What better way is there to spend a cold February evening than to explore an array of Asian food specialties with old and new friends at the local Korean market food court? Hey, times are tough and Georges Perrier might have to postpone our patronage until the next economic upswing. For now, value, variety and a recession era good time are readily available at the Assi Market food court (1222 Welsh Road, North Wales, PA).
Last Saturday, eleven of us converged at Assi to schmooze and sample the six small but bountiful concessions. There are two Korean places (Friends and Man Nam Korean), two Japanese (Sushi Express and Izumi) along with the Agafe Asian Bakery and the Break Time Coffee Shop. I went the sushi/sashimi route at Izumi along with Chuckles52 and his chef friend, Bob. While I was quite sated with the $7.99 sampler and complimentary cup of hot miso soup, Chuckles and Bob later indulged in a bowl of tempura udon and skewered chicken yakatori. Man Nam provided Crazyspice with a huge bowl of dumpling/ramen soup with sides of kim-chee and pickled daikon while friends Robin, Alexis and Emilie shared kim-chee fried rice, shrimp fried rice (both cloaked in a paper thin omelette) and vegetable dumpling ramen. Nancy and Marilyn also went the udon route.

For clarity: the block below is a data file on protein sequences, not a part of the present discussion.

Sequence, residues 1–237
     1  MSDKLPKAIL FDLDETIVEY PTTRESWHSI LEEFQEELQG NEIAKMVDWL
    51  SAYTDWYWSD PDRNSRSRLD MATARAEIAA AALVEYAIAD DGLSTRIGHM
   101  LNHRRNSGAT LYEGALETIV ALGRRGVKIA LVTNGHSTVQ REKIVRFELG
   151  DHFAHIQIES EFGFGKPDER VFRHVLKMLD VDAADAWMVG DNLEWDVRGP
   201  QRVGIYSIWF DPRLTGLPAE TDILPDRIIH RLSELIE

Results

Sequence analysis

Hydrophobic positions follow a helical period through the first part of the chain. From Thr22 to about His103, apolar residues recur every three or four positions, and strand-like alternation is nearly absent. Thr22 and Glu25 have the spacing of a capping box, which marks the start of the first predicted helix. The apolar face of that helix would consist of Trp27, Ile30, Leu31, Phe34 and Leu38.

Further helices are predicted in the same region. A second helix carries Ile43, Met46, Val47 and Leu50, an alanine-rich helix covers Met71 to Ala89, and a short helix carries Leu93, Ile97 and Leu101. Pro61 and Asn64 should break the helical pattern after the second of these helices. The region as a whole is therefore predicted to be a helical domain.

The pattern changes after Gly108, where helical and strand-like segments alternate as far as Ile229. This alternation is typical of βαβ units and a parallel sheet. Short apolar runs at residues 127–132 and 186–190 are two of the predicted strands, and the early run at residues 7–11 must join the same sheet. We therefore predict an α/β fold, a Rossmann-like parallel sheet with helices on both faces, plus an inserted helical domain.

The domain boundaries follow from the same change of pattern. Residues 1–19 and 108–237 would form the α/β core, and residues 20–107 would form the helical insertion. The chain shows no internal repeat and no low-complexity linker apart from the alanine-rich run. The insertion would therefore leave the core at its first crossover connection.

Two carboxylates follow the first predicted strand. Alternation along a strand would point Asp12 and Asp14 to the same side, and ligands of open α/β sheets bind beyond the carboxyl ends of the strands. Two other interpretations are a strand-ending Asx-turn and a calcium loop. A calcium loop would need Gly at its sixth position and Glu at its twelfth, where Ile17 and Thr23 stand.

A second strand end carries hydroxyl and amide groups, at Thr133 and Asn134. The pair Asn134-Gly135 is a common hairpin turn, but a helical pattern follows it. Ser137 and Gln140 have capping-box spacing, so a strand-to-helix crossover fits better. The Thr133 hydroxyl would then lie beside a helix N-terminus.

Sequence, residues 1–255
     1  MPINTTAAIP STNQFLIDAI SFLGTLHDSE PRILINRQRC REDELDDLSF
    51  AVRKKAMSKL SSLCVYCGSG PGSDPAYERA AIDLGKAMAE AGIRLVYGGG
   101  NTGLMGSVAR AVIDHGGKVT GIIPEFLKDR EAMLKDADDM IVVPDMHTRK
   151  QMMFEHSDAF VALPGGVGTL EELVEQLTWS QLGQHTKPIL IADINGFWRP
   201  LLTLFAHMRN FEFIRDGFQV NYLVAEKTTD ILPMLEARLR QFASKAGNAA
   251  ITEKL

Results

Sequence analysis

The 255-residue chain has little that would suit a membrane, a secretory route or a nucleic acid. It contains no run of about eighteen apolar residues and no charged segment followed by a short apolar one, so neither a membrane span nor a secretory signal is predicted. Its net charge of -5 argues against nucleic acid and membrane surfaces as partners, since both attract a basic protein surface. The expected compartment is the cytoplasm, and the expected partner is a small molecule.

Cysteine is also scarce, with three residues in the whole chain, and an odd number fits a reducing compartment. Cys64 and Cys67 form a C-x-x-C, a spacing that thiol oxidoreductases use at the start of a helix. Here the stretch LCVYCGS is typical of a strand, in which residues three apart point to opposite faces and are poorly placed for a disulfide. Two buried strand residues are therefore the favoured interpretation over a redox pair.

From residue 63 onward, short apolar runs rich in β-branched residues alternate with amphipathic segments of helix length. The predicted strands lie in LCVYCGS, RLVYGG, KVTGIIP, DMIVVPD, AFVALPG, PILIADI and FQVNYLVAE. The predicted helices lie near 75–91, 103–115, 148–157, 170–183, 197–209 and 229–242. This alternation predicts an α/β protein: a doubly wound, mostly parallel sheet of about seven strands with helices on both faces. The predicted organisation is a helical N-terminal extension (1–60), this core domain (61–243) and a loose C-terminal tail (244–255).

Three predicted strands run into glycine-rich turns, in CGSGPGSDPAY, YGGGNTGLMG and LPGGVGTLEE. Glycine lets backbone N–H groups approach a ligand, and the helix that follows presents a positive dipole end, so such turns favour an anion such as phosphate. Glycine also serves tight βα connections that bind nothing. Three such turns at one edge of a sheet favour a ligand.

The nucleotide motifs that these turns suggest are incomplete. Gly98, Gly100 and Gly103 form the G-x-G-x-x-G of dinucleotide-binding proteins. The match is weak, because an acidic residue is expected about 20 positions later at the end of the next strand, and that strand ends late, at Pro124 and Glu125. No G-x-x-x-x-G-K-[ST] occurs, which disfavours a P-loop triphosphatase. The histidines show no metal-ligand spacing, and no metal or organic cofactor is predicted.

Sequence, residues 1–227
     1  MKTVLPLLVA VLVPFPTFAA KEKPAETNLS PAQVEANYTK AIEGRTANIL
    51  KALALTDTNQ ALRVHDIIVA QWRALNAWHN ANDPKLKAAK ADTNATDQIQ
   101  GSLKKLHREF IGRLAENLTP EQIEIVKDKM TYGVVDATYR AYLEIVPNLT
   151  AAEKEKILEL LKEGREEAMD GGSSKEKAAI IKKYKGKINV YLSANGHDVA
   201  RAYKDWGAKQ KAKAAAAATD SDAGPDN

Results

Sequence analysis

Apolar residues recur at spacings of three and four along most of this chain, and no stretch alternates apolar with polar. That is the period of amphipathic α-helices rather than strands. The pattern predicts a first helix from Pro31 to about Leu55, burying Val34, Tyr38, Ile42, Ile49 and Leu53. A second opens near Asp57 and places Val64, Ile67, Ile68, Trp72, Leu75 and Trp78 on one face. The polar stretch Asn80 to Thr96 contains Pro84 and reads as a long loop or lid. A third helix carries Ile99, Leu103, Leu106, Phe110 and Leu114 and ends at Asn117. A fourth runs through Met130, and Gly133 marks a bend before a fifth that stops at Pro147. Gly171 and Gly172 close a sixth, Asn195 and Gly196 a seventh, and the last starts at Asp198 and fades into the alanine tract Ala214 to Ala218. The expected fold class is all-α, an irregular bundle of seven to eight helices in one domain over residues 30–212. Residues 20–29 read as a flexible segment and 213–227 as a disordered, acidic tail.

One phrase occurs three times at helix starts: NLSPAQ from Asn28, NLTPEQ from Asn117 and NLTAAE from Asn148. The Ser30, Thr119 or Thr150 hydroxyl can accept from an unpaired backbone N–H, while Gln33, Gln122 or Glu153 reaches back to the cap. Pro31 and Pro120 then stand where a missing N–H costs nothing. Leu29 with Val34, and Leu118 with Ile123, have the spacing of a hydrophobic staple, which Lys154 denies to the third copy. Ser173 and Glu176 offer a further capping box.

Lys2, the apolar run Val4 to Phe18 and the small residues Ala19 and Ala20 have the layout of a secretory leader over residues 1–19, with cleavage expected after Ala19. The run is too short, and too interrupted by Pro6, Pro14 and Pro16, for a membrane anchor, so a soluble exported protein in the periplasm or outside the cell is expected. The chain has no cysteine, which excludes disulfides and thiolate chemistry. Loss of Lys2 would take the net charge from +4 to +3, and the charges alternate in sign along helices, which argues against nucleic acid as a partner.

But the real entertainment of the evening had to be the fried bons ordered by Givemecarbs and Bottomless pit. The small meat, shrimp or scallop-stuffed mini-dumplings come with three grades of spicy sauce and are garnished with gossamer thin bonita flakes. We watched in amazement as the heat of the bons animated the bonita flakes into a playful ballet resembling creatures on a tide swept coral reef. After the bonita show, Givemecarbs and Bottomless pit scarfed the bons in record time before taking on a spicy chicken noodle soup. For desserts and beverages, the Break Time Coffee shop complemented several of our meals with a wide variety of bubble teas, exotic ice creams and smoothies needed to put down the lingering flames of Asian chili peppers.
When filled to the gills, several of us went shopping to collect bargains galore (e.g. four pounds of frozen 26-30 Tiger shrimp for $23), replenish staples at the lowest prices around and to just marvel at the variety of fresh fish, produce and products never before seen. Chuckles was thrilled to find fresh yamaimo – a Japanese mountain potato grown only on Hokkaido that he remembered from early childhood. He and Bob found so many items they wished they had brought a larger car.
In short, we all created a truly memorable evening, ate like royalty for very little and came away with some great finds and new friends.
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